Tuesday, April 17, 2018

Karmamoi

Sprinter greetings fellow progheads!  Now that winter and spring have "officially merged" to wreak havoc across the globe, I thought it the perfect time to take The Closet Concert Arena on a trip to one of my favorite prog places; Italy.  Home to many an ornate and elaborate prog rock band, Italy has produced some of the finest innovators, albeit underrated, in the genre.

This week the Concert Closet stops in Rome to check in with Karmamoi, who refer to themselves simply as a progressive rock band.  Not like the Italians to be humble, introverted, or understated, so already my attention has been grabbed...


Karmamoi has three full length albums and an EP in their current catalog and their latest release "The Day Is Done" is due in May.  Like many bands in the "modern era," Karmamoi is taking a less traditional approach to making this album a reality; reaching out directly to you the fans/listeners.  More about that later, time to start in on the prog feast...

Looking over all the offerings Karmamoi has out there now, I start with a slice of "Nashira."  In typical Italian prog style the music saunters across most of the prog garden with a focus on the brighter, more ornate sections.  Mood and tempo changes are as common here as mosquitoes at a summer picnic; so many and from all directions.  A strong foundation built on splendid piano and solid drum work allows for vocals smooth as softened butter to coat your inner ear...the week is shaping up quite nicely...

Moving around the catalog randomly I discover a cut called "Labyrinth."  Once again those siren vocals ooze through the headphones, sticking to the auditory canals as they echo through your head.  There are top notes of Porcupine Tree and a gentler side of Opeth ringing out from the disc.  Karmamoi likes to keep you focused as they come right at you, and like the proverbial train wreck, it is impossible to look away.

Liner Notes...Coming to be in 2008, Karmamoi is officially a two-man operation with Alex Massari on guitar and Daniele Giovannoni sitting behind the drum kit and playing keyboards; the founding duo splits time between London and Rome.   Karmamoi has several alumni that have left for various reasons and they list several guest musicians on their album credits; the woman with the killer pipes on "Nashira" is Sara Rinaldi for the curious among you...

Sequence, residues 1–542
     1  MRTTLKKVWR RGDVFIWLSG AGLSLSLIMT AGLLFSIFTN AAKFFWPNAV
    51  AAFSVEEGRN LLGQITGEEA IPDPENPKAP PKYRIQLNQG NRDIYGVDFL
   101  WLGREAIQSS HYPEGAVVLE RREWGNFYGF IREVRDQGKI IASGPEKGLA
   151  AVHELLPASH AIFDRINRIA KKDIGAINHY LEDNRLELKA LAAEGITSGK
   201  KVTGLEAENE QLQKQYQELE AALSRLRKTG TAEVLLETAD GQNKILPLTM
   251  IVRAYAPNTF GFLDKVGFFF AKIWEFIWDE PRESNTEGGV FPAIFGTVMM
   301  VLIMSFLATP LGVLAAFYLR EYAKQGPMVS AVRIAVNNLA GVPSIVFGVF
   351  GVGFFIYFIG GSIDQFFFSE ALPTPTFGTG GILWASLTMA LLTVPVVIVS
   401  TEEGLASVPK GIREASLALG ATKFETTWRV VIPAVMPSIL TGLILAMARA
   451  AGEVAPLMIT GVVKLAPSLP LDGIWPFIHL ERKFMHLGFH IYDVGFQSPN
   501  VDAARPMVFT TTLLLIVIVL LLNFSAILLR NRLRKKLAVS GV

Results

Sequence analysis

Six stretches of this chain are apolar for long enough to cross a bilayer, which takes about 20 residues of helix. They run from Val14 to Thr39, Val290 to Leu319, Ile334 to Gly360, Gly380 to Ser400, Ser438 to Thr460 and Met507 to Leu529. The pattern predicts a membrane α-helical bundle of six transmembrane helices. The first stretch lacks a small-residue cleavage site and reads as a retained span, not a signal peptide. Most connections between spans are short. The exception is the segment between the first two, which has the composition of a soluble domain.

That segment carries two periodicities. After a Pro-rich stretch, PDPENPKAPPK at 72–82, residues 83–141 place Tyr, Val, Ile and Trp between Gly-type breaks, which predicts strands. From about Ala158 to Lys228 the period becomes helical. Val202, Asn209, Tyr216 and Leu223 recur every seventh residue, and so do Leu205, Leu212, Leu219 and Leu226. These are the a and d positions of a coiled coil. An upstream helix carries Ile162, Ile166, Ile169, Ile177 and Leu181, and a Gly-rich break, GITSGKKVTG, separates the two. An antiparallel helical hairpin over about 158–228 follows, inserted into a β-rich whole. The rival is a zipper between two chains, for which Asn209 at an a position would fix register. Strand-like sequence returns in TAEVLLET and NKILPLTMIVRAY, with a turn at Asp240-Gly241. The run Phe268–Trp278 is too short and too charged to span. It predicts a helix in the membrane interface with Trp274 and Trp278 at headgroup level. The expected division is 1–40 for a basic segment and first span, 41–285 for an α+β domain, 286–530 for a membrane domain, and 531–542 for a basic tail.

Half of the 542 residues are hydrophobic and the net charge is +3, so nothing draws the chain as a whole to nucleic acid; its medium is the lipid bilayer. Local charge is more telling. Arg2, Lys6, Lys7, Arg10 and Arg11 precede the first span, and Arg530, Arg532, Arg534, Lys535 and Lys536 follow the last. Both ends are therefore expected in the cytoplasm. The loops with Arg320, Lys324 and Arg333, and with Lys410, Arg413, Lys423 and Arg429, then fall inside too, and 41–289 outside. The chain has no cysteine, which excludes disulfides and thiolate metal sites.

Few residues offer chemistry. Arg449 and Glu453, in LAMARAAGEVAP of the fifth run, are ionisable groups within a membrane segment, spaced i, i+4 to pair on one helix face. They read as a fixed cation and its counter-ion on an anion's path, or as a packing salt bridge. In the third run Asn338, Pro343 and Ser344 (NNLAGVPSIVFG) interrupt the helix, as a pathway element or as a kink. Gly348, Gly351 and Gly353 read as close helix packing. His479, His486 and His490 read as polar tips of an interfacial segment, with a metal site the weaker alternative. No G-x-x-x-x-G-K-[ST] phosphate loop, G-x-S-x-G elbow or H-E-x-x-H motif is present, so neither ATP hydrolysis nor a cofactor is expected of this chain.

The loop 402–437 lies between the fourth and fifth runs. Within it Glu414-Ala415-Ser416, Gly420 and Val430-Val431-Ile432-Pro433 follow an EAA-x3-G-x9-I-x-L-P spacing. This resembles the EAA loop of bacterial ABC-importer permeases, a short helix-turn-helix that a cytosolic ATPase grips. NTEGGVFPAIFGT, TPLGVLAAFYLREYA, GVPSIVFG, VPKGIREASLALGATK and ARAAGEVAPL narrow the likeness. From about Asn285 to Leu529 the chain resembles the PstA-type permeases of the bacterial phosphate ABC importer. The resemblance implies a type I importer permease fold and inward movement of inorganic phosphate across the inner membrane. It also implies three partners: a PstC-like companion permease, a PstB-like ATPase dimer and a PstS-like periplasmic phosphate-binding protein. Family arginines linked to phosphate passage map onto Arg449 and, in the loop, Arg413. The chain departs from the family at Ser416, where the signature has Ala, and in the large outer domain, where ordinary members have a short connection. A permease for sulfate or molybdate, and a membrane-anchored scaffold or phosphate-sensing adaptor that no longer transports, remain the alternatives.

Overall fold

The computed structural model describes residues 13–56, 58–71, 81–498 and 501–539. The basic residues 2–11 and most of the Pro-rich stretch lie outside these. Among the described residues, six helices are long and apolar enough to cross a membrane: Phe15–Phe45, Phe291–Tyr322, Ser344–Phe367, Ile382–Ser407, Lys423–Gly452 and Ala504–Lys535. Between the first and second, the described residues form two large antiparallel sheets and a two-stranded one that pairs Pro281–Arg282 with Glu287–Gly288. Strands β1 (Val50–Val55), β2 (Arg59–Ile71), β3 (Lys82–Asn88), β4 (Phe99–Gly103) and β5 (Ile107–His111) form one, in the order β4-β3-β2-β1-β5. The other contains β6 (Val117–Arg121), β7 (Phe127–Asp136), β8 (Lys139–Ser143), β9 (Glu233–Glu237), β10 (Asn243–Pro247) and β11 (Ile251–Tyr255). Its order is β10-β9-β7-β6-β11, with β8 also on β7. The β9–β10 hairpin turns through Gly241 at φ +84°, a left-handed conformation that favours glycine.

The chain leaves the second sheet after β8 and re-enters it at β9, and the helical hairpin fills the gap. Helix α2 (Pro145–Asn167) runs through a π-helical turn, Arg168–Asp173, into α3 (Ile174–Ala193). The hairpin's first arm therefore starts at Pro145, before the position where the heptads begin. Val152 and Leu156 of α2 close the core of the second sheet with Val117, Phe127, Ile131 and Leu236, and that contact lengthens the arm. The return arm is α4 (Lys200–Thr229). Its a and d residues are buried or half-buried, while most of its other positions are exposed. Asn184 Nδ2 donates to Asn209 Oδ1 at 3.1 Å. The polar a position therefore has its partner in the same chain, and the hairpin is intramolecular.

About that reaching out to the fans thing; you can pre-order the new release "The Day Is Done" at
www.pledgemusic.com/projects/karmamoinewalbum. There are different packages you can
pre-order with some cool options.  Or you can simply go to Karmamoi to learn about the band.  You can purchase albums currently in their catalog at Karmamoi bandcamp.  Check out all their music and all things Karmamoi at Karmamoi Soundcloud  and Karmamoi FB.  If that doesn't slate your thirst there is also Twitter @karmamoirock .


 One more serving from the Karmamoi buffet; "If I Think Of The Sea."   The song is very ethereal as it opens with another incredible vocal performance...this time Serena Ciacci is the captivating siren.  Aromatics of Bent Knee waft through the room--which is crazy since Karmamoi recorded this gem first.  The song soothes your nerves as it arouses your senses...even the drums crash around you gently...
                             
This week a bit of a twist; yes I have a clip to whet your appetite...but...it's just a teaser from the new album.  Get an idea of what Daniele and Alex are up to as you listen to a waltz across the prog garden on electrified feet...walk tall, hold on, and wait for the drums to release the pressure...

                   

One more week comes to a crashing halt fellow progheads.  Karmamoi is that sparkling gem laid bare as the sun shines brightly on the prog garden, glinting off the soft stones in the soil.  Bask in the glow that burns through the dark clouds raining down a color storm on a streaked prog canvas.

  Progressive music casts a wider net these days it seems; some say too wide.  I, on the other hand, say that perhaps it isn't wide enough--there is always someone out there looking to push the envelope, skirt the edge, and look through a different lens.  It is for them the search for all things prog continues...until next time...

Tuesday, April 10, 2018

Autumn Moonlight "Passengers"

Good evening and thanks for the return visit fellow progheads!  My calendar broke this week; never a pleasant thing...so time for a road trip!  Spring travel is always fun so I decided to take the Concert Closet to a place I have not been in  awhile...Buenos Ares, Argentina.  Autumn Moonlight, two talented musicians who have been putting out some incredible prog, recently released their latest album, "Passengers."

Calling themselves a progressive post rock band, Autumn Moonlight challenges boundaries as they blend a post-modern jazz feel with progressive overtones.  You may remember Autumn Moonlight being in the spotlight of  The Closet Concert Arena just about two years ago; they return now for us to witness first-hand how the band has grown and flourished while cultivating their unique sound in the prog garden...